#95 in the Moʻolelo series
Keanu Sai notes in the video Ua Mau ke Ea that monarchs were often not inclined to travel for fear that they may be overthrown in their absence. That Liholiho left Hawaiʻi for a year suggests he was secure in his grip over the kingdom, which was precisely then entering world affairs. Liholiho named Kauikeaouli regent (ruler in the absence of the king) and his replacement should he fail to return from his voyage.
Beamer (2014, 97) asserts that King George would constitute “a powerful international ally” should their negotiations go smoothly. This is likely because Hawaiʻi’s status internationally was unclear. Hawaiʻi had not yet negotiated any of the many treaties it would later come to have with foreign powers. It did not yet have a constitution, was not yet fully Christian but only beginning this process. These were the traits that foreign countries, and more importantly, foreign ship captains, would look for in order to determine whether they were dealing with a “civilized” country or not.
As mentioned in the previous post, Liholiho and his entourage left Hawaiʻi in November of 1823. Beamer notes that Liholiho, who could write in Hawaiian, was keeping track of dates by the Hawaiian moon calendar, and thus was “in London on the moon of Lāʻaukūkahi on the eighteenth day of Kaʻaona (May 18, 1824)” (Beamer, 2014, 90).
The entourage were attended by “the Honorable Fredrick Gerald Byng,” who dispatched his duty exceedingly well, but was apparently conflicted in private about attending a “Black family” who outranked him. As Beamer (2014, 93) puts it: “race and class collide in Byng’s sentiments”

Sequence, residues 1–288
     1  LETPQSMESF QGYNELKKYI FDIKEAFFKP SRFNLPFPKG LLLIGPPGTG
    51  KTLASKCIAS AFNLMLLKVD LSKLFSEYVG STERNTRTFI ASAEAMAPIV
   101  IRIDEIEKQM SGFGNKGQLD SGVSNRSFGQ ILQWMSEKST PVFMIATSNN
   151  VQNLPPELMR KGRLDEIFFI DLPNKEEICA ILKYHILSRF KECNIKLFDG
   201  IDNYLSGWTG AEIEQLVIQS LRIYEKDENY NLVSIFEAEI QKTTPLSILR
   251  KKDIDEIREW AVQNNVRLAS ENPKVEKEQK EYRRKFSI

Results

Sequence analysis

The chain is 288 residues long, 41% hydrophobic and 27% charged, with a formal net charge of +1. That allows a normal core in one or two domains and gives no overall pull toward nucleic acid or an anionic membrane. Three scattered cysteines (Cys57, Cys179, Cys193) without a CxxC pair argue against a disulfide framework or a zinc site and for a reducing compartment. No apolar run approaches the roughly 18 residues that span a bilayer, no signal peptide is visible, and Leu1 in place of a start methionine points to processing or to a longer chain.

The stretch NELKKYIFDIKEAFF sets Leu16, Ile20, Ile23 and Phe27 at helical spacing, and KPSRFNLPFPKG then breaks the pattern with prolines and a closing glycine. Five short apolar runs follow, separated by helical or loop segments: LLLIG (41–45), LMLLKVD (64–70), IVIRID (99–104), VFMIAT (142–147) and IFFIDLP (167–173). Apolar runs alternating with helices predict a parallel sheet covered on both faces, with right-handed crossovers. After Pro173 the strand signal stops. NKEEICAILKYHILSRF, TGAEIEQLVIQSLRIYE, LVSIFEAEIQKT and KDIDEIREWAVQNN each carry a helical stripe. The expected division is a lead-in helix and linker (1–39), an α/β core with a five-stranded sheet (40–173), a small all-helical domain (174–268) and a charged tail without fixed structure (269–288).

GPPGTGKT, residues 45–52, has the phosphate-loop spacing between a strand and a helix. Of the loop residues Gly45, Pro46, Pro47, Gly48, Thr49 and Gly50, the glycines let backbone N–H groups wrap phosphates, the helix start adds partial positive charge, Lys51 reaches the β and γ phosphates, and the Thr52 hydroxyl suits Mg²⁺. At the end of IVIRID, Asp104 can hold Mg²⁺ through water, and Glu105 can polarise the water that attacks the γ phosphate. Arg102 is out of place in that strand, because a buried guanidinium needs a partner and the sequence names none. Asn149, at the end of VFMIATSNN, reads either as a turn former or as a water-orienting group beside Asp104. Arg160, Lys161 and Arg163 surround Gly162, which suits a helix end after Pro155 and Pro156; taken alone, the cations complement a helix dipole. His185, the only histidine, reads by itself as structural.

Liholiho died of measles on July 14th, 1824 a week after Kamāmalu. Boki, Liliha, James Young Kanehoa, Mataio Kekūanaoʻa and Kapihe met with King George for “about twenty minutes” on September 11th, 1824 (Beamer, 2014, 97). As the ranking male aliʻi, Boki, through James Young’s translation, answered King George’s question of what their business was in visiting England. Boki replied:
We have come to confirm the words of Kamehameha I which he gave to Vancouver thus – go back and tell King George to watch over me and my Kingdom. I acknowledge him as my landlord and myself as tenant (or him as superior and I as inferior) should the foreigners of any other nation come to take possession of my lands then let him help me.Beamer, 2014, 98
The parentheses in the above account are in Beamer, and Kuykendall, and presumably in the original. But the account of this meeting was given many years later by Kekūanaoʻa, who by then was one of the only surviving members of the expedition. The quote also lends support to the notion that Hawaiʻi was under British sovereignty, or at the very least was a protectorate of Britain.
James Young Kanehoa (in Kuykendall, 1938, 79) claimed that this issue of the protectorate “formed the chief topic of the interview.” A previous arrangement after the death of Liholiho had been made for the king’s body and retinue to be taken back to Hawaiʻi by a British Ship of War (Kuykendall, 1938, 79). On the matter of Hawaiʻi’s status, Lord Byron noted that:
the position of these Islands stand with regard to the crown of Great Britain, and … His Majesty [King George IV] might claim over them a right of sovereignty not only by discovery, but by direct and formal Cession by the natives.Kuykendall (quoting Byron), 1938, 81
“Cession” is a transfer of sovereignty by treaty – incidentally, it is the type of transfer that is alleged to have occurred in 1898, only there is no treaty in that case.
Sources: Kamanamaikalani Beamer, No Mākou ka Mana: Liberating the Nation, Honolulu: Kamehameha Publishing, 2014.
Ralph Kuykendall, The Hawaiian Kingdom, vol. 1, Honolulu: University of Hawaiʻi Press, 1938.